Port-Au-Prince (AFP) Sept 3, 2008
Helicopters rescued survivors from rooftops in the flooded Haitian city of Gonaives as Tropical Storm Hanna claimed at least 61 lives, the third major storm to hammer Haiti in as many weeks.
Hanna left scenes of devastation with hundreds of homes destroyed amid desperate rescue efforts as forecasters warned the storm could strengthen into a hurricane before it heads to the southeastern US coastline.
As two more storm systems churned in the Atlantic, the flooding in Haiti revived memories of lethal Tropical Storm Jeanne in 2004, when about 3,000 people were killed, mostly in the northern city.
"Something must be done quickly," said Germain Michelet, a priest who took refuge from the flooding on the second floor of the archbishop's office in Gonaives.
"I don't know how much longer we will remain alive," he told AFP. "If we are forced to go through another night under these conditions, there will not be many survivors."
The UN peacekeeping mission in Haiti (MINUSTAH) carried out numerous helicopter missions in Gonaives to rescue those stranded by the high water.
"We have managed to recover two dozen people who were trapped on rooftops," MINUSTAH spokeswoman Sophie Boutaud de la Combe told AFP, adding that nine injured people were flown to the capital for treatment.
The Gonaives hospital was also flooded, a doctor told local radio. "The patients are grouped in one room," the unnamed doctor said. He added: "The situation is critical."
Haiti is especially prone to flooding and landslides due to widespread deforestation on its section of the island of Hispaniola, which it shares with the Dominican Republic.
Tens of thousands of people in both countries were forced to take refuge due to the driving rain and flooding, though there were no casualties reported in the Dominican Republic.
Hanna struck Haiti one week after it was hit by Hurricane Gustav, which killed 77 people. Two weeks ago, Tropical Storm Fay sparked flooding in Haiti that left about 40 people dead.
As Hanna churned, the government of the Bahamas downgraded its hurricane watch to a tropical storm warning, while the US embassy in Nassau announced it would be closed Thursday and Friday.
The National Hurricane Center in Miami called Hanna "tenacious" and said it would "regain hurricane status in a day or two but it could occur earlier."
Hanna could strike the US coasts of the Carolinas or move "very close" to the area in coming days, the NHC said in its latest advisory.
"A hurricane watch will likely be required for a portion of the southeastern United States coast early Thursday."
On its forecast track, Hanna's center "should be moving through or just east of the central and northwestern Bahamas over the next 24 to 36 hours," it said.
As the northwest Bahamas prepared for Hanna, hurricane shelters opened on Grand Bahama Island.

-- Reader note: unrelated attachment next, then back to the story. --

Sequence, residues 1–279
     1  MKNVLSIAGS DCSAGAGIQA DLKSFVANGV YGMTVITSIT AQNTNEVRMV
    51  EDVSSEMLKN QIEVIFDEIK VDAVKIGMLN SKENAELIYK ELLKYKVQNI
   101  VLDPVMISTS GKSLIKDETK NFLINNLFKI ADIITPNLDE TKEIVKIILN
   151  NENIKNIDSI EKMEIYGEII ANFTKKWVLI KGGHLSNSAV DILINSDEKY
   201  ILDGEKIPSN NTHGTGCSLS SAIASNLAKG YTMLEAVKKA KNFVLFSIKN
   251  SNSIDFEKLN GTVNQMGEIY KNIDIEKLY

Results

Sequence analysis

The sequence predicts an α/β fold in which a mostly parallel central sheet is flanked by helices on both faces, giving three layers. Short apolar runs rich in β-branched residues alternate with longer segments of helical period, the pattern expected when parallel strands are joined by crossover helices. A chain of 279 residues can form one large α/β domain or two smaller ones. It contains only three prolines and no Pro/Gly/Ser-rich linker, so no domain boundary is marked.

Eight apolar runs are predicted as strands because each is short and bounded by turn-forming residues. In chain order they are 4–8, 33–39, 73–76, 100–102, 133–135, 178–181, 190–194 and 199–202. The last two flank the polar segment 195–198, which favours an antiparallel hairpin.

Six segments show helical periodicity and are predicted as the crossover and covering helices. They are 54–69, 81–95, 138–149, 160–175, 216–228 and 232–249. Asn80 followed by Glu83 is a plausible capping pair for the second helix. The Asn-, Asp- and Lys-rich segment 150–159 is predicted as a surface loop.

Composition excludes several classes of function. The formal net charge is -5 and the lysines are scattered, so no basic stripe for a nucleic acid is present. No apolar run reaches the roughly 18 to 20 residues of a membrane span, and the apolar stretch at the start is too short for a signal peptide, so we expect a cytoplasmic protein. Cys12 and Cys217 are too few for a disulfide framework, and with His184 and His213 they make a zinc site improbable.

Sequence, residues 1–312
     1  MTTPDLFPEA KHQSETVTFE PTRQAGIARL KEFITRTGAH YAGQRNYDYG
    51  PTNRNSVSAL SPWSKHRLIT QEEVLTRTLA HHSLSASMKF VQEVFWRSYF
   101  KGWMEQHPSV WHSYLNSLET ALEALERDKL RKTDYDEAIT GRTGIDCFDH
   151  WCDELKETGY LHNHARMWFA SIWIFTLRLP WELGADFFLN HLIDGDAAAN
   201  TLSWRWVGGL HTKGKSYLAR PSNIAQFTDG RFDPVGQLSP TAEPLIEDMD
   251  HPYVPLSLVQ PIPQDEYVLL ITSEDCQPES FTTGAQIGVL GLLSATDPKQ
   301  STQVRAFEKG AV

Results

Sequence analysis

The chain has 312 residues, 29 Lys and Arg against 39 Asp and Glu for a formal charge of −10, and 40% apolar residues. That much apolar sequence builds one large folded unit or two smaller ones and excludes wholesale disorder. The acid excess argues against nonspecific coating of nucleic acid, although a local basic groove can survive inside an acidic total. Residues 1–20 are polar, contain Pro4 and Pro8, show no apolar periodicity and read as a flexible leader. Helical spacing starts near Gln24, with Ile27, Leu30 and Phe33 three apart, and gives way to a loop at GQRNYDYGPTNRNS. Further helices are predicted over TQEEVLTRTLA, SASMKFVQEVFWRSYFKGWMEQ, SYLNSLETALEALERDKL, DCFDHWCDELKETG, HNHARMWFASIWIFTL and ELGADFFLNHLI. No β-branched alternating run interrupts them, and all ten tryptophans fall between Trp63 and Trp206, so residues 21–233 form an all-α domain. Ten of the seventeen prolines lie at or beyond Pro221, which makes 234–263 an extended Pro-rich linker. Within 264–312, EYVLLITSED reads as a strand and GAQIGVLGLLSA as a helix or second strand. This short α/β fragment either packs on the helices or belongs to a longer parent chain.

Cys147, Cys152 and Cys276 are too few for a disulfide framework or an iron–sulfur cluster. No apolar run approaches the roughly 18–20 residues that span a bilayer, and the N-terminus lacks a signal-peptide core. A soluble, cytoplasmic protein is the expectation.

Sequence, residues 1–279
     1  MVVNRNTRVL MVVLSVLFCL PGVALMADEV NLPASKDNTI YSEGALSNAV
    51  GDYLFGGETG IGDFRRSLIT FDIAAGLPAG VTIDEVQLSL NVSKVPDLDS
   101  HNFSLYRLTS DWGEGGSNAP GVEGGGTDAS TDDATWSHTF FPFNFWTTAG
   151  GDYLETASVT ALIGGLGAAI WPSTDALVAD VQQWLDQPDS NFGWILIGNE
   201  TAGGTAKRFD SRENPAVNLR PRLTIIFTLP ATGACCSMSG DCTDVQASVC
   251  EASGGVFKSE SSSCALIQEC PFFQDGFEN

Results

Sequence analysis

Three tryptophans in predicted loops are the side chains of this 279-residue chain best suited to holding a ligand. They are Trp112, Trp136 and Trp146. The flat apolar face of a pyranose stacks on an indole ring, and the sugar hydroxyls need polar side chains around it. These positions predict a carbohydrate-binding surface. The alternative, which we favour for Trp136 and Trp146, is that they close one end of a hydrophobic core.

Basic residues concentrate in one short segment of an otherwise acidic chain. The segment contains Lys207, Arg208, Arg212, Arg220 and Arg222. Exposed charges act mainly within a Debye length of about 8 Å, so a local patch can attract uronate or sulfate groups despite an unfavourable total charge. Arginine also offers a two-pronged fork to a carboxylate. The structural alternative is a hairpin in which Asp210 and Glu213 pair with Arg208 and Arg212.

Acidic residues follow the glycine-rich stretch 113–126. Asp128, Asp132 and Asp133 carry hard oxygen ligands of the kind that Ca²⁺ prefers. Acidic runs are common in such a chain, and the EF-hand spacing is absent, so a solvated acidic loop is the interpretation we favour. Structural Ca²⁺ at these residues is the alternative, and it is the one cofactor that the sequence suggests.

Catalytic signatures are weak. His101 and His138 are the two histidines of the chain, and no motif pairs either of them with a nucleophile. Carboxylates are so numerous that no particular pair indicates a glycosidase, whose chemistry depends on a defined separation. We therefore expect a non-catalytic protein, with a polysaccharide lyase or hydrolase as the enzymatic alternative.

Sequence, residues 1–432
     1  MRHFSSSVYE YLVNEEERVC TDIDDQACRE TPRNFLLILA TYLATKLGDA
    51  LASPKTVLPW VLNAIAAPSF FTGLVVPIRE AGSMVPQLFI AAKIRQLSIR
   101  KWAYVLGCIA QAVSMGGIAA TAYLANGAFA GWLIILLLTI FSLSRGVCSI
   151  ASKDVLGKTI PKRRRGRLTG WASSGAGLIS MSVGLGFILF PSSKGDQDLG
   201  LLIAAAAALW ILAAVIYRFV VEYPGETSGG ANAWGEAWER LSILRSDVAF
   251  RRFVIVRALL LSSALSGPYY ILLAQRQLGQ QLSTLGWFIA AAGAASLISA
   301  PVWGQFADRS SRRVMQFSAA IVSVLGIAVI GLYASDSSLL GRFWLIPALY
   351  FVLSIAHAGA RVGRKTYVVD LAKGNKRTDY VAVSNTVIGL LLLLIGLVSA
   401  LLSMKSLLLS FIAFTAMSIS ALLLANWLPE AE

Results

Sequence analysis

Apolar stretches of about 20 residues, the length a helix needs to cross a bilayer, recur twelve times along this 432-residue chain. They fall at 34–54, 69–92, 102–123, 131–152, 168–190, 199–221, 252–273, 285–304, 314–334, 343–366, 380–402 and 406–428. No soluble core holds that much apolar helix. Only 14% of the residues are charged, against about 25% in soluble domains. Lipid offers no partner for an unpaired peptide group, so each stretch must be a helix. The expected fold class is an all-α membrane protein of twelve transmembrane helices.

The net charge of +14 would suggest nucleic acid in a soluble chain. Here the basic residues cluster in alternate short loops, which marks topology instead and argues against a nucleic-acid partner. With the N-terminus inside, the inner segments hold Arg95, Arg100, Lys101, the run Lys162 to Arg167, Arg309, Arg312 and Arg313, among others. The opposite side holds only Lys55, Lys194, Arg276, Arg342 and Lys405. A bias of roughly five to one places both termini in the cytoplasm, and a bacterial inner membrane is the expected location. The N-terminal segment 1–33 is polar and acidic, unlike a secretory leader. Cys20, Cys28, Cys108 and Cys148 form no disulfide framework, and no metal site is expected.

"We want to advise the public to take all of the necessary precautions so that they can be safe," said Bahamas Minister of Housing Kenneth Russell.
Officials at Grand Bahama hospitals said they were confident they could handle any emergency.
"Our staff has been advised and adequately prepared for coverage of our facilities that will be operational during the storm," said Sharon Williams, hospital administrator.
By early Thursday, Hanna's center was about 260 kilometers (160 miles) east-southeast of San Salvador in the Bahamas, and moving north at near 20 kilometers (13 miles) an hour, the NHC reported.
The storm packed maximum sustained winds of near 105 kilometers (65 miles) per hour, with higher gusts.
The center's extended forecast showed Hanna heading west then turning north and making landfall Sunday around South or North Carolina, on the US central Atlantic coastline.
Two other storms were moving across the Atlantic.
Ike strengthened to a Category Four hurricane by early Thursday, hours after it developed from tropical storm to hurricane status.
And Tropical Storm Josephine, in the eastern Atlantic 605 kilometers (375 miles) west of the southernmost Cape Verde islands, was expected to weaken as it moved west-northwest Thursday.
Email This Article
Comment On This Article
Share This Article With Planet Earth
Bringing Order To A World Of Disasters
A world of storm and tempest
When the Earth Quakes
US disaster chief: Don't come home too soon
Baton Rouge, Louisiana (AFP) Sept 3, 2008
Residents of storm-battered Louisiana should wait to return home until authorities give them the all-clear, a top disaster relief aide to US President George W. Bush warned Wednesday.
|The content herein, unless otherwise known to be public domain, are Copyright 1995-2007 - SpaceDaily.AFP and UPI Wire Stories are copyright Agence France-Presse and United Press International. ESA Portal Reports are copyright European Space Agency. All NASA sourced material is public domain. Additional copyrights may apply in whole or part to other bona fide parties. Advertising does not imply endorsement,agreement or approval of any opinions, statements or information provided by SpaceDaily on any Web page published or hosted by SpaceDaily. Privacy Statement|